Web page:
This article was submitted to 1967beetle.com by Megan McAuliff in Brighton, East Sussex, UK. Thanks so much!
1967 was a monumental year in human history. It was the beautiful and transcendental Summer of Love, where a groundbreaking hippie revolution occurred initiating massive cultural and political change, starting in San Francisco and ricocheting outwards to New York, London and beyond.
It was the year The Beetles released Sergeant Pepper in a drug-fueled haze of genius and Che Guevara was shot dead, while another man was given a new heart. And in amongst it all, the humble Beetle was going through a transformation of its own, with cutting edge modifications being made to take the people’s car into a new era.
What else happened in 1967?
London was in full swing, hemlines were rising and morals falling. Aretha Franklin recorded ‘Respect’ at the New York based Atlantic Studios. And The Who performed their first concert in the United States, in New York. Jimi Hendrix set fire to his guitar on stage for the first time, but not the last. Elvis Presley married Priscilla Beaulieu at the Aladdin in Las Vegas. And, Mick Jagger and Keith Richards were sentenced to jail for drug possession. And, on New Year’s Eve a group of one thousand people accompanied by music and geese burned down a Christmas tree in Central Park.
In Sweden, on September 3 1967 at exactly 4.50am, all traffic was directed over to the right side of the road where it stopped for ten minutes. And at 5am, when it started again Sweden had switched from being left to a right-hand-side traffic nation.
And, in amongst it all, the Beetle was going through its own metamorphosis.
The 1967 Beetle was one of the landmark cars, where a lot of features from the original bug changed. The biggest change to the ’67 model included the raising of the ‘Europa’ bumpers along with a shortening of the engine lid and the valances were raised on the bonnet. The fuel filter was moved so owners could fill the car with petrol without having to lift the bonnet. And the door mirrors were made to swivel in all directions. There was a redesign of the front wings to house vertical headlamps. New, larger rear lamps were installed with reversing lights. Louvers were attached to the bonnet to circulate fresh air, and the door handles were modified to feature a trigger, which made it virtually impossible to be locked out! Collapsible steering was added, along with securing points for three-point seat belts. And dual circuit brakes were installed on the 1300 – 1500cc with bigger rear drums for improved safety – and a switch was made from 6 to 12V on these models.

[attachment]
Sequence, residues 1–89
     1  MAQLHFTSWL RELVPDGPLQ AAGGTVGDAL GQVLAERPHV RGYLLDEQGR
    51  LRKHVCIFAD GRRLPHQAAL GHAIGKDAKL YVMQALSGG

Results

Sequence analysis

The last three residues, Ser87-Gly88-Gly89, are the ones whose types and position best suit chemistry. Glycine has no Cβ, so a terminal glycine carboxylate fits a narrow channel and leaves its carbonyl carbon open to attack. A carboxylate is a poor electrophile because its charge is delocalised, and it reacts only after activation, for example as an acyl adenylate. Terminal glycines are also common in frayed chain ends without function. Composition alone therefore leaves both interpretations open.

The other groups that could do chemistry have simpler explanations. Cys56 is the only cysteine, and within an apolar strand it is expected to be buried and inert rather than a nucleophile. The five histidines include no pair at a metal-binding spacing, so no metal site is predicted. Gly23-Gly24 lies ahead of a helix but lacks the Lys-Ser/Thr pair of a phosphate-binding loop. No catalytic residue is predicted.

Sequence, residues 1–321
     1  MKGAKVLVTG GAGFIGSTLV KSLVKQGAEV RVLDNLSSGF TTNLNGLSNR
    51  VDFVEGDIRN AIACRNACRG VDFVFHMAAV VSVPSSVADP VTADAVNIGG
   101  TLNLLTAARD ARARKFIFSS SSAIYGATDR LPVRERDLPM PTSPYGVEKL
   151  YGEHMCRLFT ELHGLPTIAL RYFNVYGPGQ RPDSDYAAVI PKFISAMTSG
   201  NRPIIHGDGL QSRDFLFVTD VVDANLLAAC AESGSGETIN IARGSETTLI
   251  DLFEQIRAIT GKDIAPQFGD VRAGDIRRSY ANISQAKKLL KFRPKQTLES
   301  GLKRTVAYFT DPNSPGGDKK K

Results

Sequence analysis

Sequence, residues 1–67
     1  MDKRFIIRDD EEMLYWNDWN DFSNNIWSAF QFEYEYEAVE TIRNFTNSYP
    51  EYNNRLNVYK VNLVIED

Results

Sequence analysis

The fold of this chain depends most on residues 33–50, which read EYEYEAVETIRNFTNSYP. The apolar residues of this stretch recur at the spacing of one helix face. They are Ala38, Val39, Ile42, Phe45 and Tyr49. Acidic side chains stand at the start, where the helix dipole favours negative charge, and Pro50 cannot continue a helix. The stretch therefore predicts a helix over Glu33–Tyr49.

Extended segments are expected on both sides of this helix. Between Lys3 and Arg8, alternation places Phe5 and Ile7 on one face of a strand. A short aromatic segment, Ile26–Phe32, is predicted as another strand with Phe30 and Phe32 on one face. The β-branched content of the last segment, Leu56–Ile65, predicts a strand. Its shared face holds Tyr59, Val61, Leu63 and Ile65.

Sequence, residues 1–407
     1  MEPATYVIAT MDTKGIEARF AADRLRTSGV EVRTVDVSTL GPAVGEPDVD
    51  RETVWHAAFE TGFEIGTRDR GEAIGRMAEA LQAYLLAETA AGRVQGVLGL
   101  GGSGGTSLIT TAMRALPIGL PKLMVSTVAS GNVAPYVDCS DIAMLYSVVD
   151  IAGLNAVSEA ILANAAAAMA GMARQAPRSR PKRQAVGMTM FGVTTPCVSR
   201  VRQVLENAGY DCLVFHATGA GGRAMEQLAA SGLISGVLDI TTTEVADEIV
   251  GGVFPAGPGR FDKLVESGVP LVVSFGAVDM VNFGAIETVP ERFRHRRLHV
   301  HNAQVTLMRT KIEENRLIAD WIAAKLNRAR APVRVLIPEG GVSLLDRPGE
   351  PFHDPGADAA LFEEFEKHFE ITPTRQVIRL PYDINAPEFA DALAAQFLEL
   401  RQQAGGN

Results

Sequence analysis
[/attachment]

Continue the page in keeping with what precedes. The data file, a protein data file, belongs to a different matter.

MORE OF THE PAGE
Taking the modifications inside, the petrol gauge was fitted into the speedo and three air outlets were incorporated into the dash. And the ignition lock was encased in the steering column shroud.
And on a micro level, the chrome quarter light catches were replaced by deformable rubber twist knobs. And the rear view mirror was cased in plastic and a quick release mechanism was fitted. Meanwhile, the handbrake was moved back and shortened, and the 1500cc got a new carb with modified oil bath and pre-heating pipe to help cold starts.
So, while hippies were camped out in San Francisco, The Stones were banged up on drug charges and the traffic in Sweden switched sides of the road, VW were busy making their own changes to the ubiquitous and lovable 1967 Beetle.
Megan McAuliffe is a writer, journalist and blogger covering ethical and
sustainable issues in lifestyle, community, Vintage Volkswagens and culture. You can find her on
Great read. Megan, will you contribute again in the future?
The U.K. 1967 beetle was our 1968 model. That’s why our 67 is very special. We got the one year only stuff.
Comments are closed.